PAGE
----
The Bank warns that, in the first three years of its so-called severe stress scenario - a recessionary environment, in laymans terms - "the UK banking system would, in aggregate, incur UK consumer credit losses of around £30bn, or 20pc of UK consumer credit loans".
British lenders need to hold around an extra £10 billion pounds in capital to guard against increased risks from rapidly rising unsecured consumer lending, the Bank of England said today.
Recent figures show that the annual rate of growth for unsecured consumer borrowing through credit cards, overdrafts and personal loans still stood at 9.8pc in July.
This was down from the 11 per cent growth rate seen in late 2016, but remains high by historic standards and considerably above the growth rate of United Kingdom household incomes.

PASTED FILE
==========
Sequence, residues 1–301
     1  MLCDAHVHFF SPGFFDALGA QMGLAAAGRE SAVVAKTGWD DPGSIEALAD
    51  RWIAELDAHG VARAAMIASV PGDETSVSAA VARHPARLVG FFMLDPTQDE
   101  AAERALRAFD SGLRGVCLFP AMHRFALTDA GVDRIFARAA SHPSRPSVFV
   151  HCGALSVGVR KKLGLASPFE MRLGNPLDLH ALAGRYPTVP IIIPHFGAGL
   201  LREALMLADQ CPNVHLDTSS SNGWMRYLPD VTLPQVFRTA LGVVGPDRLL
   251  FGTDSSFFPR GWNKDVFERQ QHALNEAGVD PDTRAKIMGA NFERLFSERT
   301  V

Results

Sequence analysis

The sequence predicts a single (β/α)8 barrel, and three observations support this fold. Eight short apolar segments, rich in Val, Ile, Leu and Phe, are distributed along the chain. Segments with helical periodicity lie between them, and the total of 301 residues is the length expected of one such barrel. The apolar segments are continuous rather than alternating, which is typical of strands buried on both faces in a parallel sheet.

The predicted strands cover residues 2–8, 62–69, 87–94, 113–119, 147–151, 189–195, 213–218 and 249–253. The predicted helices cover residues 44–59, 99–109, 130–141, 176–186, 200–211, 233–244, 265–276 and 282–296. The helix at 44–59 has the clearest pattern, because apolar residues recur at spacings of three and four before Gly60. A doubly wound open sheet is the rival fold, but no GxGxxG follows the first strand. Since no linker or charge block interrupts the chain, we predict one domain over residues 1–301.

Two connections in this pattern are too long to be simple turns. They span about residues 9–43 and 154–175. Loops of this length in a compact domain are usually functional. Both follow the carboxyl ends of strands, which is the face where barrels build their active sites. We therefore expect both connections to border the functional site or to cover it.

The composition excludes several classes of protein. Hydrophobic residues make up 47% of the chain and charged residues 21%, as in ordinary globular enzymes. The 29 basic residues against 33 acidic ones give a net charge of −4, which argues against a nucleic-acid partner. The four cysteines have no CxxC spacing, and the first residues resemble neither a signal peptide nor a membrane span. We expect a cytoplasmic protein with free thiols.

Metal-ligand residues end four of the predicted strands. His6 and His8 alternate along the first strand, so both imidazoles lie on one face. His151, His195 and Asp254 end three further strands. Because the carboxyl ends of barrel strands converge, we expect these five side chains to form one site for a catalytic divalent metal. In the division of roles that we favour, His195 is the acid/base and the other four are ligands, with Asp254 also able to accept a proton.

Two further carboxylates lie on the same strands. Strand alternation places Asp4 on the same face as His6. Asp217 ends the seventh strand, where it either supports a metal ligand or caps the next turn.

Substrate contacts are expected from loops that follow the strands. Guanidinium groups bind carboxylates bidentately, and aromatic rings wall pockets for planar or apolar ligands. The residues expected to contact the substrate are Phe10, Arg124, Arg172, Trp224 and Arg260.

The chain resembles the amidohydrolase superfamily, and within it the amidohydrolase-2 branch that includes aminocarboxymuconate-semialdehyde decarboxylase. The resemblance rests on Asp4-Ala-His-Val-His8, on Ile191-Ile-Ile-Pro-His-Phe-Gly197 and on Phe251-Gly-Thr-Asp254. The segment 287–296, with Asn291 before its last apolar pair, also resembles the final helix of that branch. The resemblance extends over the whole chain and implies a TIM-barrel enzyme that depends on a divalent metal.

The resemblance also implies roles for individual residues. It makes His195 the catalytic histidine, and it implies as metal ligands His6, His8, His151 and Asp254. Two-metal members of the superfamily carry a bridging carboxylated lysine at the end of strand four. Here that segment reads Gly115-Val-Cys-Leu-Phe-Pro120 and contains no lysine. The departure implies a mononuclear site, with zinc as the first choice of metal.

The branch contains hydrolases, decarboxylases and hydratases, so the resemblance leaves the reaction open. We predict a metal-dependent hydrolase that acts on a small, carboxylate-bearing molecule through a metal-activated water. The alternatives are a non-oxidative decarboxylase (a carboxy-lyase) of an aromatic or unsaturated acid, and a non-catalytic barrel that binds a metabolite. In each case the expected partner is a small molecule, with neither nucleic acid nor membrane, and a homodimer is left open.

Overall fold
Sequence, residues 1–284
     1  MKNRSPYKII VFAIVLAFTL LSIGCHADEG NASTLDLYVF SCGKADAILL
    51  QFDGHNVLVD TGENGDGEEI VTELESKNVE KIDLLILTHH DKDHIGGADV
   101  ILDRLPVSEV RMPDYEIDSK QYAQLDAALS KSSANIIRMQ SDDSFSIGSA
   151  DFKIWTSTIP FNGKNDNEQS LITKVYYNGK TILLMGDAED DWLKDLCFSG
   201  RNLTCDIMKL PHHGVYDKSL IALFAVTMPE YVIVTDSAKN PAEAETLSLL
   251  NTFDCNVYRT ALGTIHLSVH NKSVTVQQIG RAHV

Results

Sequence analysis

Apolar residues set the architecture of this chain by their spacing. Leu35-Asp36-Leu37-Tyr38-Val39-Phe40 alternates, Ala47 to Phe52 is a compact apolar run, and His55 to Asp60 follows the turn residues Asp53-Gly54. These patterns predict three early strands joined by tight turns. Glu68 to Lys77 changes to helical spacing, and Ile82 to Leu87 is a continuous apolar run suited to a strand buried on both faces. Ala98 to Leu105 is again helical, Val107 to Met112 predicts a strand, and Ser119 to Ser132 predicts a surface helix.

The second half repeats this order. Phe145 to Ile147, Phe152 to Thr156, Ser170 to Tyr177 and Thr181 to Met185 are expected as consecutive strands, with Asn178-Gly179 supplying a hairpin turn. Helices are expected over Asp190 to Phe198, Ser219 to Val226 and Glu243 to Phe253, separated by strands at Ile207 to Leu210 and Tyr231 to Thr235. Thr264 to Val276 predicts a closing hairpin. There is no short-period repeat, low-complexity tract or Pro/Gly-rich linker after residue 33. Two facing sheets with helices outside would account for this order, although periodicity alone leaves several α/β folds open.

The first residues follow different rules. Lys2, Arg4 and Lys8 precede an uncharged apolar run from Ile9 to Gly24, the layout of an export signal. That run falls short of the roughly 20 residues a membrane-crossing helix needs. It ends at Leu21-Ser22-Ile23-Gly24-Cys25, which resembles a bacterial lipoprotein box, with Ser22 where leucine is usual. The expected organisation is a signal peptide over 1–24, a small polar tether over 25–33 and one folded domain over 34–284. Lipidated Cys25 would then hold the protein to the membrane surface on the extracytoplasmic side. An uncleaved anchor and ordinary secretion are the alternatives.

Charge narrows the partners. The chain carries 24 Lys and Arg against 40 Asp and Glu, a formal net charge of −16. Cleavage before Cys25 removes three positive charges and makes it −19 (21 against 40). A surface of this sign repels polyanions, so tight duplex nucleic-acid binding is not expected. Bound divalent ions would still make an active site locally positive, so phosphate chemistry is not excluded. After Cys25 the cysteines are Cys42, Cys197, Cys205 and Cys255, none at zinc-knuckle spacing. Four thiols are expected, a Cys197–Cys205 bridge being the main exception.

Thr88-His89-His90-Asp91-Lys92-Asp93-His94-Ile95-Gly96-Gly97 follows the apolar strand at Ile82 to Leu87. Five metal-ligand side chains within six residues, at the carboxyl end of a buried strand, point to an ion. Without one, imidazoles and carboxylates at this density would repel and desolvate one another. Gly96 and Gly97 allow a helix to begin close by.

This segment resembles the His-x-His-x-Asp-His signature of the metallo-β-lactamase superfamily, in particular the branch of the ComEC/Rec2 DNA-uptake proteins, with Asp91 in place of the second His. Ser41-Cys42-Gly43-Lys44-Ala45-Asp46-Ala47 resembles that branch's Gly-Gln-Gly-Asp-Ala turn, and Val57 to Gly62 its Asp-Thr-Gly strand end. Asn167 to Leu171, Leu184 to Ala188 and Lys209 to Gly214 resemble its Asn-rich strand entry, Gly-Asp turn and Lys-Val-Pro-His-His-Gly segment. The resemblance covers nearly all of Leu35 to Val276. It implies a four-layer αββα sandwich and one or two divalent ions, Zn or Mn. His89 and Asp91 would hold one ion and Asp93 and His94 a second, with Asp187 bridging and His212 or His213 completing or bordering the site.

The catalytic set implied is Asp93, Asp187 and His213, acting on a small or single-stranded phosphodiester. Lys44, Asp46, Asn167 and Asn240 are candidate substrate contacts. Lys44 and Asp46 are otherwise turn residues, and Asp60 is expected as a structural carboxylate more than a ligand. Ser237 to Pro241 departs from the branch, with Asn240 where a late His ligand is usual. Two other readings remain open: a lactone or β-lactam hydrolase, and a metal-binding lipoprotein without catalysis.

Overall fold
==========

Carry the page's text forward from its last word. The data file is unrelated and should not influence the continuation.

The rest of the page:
Debt charities have been warning of an intensifying crisis among less-well off borrowers, with many families forced to bprrow to make ends meet.
That is the equivalent of 20% of United Kingdom consumer credit loans.
The so-called counter-cyclical capital buffer, which tells banks to hold more capital in good times so they can absorb more losses in bad times, was raised from 0pc to 0.5pc in June, indicating that lending conditions are improving.
The Bank said that, as a share of household incomes, this was in line with historical averages, but it also stressed that defaults on consumer credit tend to rise "substantially" during recessions and can pose a risk to financial stability by inflicting losses on banks.